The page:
Torah: Pinchas (Numbers 25:10-30:1) Haftarah: ( I Kings 18-46 -19:21)
The Torah parsha has Pinchas, Aaron’s grandson receiving an award for his zeal. Another census of the Israelites is taken, apportionment of the land of Canaan among the tribes is given. A separate census of the Levites was also taken. This is the portion of laws of inheritance with the case of the five daughters of Zelophechad an Israelite from the tribe of Manasseh dies. There were no sons so the daughters claimed the inheritance of their father and his portion of the land in the Promised Land. The daughters wanted equality of land rights and wealth. This was the first for women to bring such a case before the court. (Numbers 27:36)They won their case, however in order to receive their inheritance they had to marry a man from their tribe. The Torah portion ends with daily and festival offerings.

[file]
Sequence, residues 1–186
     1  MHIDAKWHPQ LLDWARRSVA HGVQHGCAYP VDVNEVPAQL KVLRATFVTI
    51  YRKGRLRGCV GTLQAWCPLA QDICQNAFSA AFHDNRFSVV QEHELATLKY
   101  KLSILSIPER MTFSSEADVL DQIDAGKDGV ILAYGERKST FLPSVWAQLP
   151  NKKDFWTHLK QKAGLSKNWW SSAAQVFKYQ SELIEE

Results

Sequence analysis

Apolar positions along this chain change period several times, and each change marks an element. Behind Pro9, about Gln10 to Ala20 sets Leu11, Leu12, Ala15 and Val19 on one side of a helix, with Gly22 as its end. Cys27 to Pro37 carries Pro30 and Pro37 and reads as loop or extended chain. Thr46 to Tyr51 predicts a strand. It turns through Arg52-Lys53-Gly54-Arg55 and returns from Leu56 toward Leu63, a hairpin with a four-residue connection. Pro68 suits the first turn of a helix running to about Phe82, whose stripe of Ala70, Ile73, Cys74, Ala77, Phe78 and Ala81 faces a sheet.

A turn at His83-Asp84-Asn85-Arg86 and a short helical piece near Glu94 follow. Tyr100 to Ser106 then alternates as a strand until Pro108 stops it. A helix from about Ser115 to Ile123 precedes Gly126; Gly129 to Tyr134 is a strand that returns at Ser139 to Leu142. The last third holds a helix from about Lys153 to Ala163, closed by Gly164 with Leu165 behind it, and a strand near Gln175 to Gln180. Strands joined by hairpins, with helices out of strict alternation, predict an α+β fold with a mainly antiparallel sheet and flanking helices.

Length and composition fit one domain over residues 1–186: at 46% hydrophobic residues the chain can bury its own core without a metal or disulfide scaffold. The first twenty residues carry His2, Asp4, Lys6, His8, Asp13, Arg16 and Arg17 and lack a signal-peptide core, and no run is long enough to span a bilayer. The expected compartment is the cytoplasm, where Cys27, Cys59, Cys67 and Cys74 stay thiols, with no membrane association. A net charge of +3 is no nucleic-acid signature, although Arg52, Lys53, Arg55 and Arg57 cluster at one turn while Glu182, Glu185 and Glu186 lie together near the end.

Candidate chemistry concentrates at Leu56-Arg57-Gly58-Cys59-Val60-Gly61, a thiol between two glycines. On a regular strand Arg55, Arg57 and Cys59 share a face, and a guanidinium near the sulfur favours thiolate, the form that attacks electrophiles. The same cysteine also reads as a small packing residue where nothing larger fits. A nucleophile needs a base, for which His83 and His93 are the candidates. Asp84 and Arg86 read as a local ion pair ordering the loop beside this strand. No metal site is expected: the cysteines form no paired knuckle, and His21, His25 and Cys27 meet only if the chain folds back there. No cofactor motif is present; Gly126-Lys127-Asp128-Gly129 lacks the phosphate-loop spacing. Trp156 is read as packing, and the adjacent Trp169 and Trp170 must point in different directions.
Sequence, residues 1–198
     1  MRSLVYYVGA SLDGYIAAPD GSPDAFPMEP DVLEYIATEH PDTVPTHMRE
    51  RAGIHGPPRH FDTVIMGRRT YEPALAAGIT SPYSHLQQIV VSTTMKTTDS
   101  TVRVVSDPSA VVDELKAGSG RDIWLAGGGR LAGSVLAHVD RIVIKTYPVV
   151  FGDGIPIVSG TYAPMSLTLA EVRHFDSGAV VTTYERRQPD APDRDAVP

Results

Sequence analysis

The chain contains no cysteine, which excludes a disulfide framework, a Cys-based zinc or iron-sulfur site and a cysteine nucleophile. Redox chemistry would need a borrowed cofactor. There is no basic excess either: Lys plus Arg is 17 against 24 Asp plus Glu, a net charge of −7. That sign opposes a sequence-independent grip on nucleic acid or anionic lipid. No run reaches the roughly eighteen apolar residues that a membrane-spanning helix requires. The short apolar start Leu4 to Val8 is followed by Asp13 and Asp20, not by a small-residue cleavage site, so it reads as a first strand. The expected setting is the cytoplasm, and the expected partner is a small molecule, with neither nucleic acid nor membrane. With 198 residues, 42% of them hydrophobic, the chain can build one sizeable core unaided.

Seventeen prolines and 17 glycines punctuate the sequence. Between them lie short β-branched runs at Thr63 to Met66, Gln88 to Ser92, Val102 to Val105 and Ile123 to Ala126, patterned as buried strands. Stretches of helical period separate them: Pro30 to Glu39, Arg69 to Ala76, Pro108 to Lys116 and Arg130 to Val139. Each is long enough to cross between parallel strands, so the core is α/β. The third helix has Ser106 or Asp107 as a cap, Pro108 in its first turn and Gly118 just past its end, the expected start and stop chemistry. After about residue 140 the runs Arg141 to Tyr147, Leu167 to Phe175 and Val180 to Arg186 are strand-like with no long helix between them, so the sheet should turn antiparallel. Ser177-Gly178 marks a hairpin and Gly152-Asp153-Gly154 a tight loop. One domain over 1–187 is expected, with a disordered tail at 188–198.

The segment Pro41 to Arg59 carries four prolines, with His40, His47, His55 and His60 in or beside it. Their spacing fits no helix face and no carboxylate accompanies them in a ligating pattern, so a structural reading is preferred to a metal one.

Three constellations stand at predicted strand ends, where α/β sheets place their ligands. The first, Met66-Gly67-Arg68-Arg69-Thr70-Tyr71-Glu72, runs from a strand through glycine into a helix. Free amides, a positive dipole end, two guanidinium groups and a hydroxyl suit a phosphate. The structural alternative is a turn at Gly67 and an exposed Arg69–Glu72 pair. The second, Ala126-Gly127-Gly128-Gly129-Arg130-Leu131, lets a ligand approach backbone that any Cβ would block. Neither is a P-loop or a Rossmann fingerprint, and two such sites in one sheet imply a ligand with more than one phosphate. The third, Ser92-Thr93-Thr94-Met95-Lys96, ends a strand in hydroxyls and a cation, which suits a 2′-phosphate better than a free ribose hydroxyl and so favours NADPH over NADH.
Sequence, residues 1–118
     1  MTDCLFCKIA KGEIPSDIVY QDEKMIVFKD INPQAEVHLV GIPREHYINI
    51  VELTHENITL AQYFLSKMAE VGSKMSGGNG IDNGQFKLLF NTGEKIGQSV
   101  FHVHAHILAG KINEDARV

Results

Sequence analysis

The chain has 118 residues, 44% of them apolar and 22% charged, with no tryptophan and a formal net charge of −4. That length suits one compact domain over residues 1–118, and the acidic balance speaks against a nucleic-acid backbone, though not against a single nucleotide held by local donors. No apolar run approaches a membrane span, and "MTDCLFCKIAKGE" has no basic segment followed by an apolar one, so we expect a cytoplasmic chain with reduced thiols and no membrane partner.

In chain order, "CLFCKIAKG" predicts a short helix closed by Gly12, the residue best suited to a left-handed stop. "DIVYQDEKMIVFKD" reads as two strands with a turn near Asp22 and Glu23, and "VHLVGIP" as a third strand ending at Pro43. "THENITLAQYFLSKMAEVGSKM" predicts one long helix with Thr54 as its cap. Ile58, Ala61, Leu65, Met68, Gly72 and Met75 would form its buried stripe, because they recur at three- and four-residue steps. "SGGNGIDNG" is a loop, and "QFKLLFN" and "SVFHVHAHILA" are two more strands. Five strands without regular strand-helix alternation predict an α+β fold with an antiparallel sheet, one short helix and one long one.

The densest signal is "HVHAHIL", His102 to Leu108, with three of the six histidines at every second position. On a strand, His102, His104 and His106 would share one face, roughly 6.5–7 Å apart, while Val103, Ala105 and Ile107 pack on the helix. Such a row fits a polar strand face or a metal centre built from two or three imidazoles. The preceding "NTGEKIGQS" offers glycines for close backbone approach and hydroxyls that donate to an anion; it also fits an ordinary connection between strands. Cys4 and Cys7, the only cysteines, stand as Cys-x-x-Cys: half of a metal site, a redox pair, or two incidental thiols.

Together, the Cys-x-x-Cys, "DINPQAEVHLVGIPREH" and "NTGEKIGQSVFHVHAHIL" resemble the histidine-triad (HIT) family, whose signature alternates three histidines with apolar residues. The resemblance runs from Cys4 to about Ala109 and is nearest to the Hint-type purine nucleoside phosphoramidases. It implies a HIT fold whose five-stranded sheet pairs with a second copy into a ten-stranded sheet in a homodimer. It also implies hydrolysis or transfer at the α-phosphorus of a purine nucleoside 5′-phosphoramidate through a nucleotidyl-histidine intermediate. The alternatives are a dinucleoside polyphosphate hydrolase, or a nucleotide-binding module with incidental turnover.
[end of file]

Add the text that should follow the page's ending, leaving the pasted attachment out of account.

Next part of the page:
This Torah portion has the Laws of Inheritance. It is a religious duty for us to act and render judgment regarding inheritance.
The order of inheritance under Jewish law can be summarized as follows:
Sons of the deceased and their descendants, daughters of the deceased and their descendants, father of the deceased, brothers of the deceased and their descendants, sisters of the deceased and their descendants, paternal grandfather of the deceased, paternal uncles (father’s brothers) of the deceased and their descendants, aunts (father’s sisters) of the deceased and their descendants, and according to rabbinic law, a husband can not inherit his property.
While the ancient world was considering the land and wealth of the person, they also chose men over women. Keep in mind the tribal living, and the protection of the community. The sages also tried to protect women and the children from a husband that would take everything and would leave nothing for the welfare of children. Today, we read and hear of inheritances that are outrageous, while others are loving and caring for the surviving family members. Judaism has righteous and moral guidelines, which gives comfort for all individuals.
Rabbi Helene Ainbinder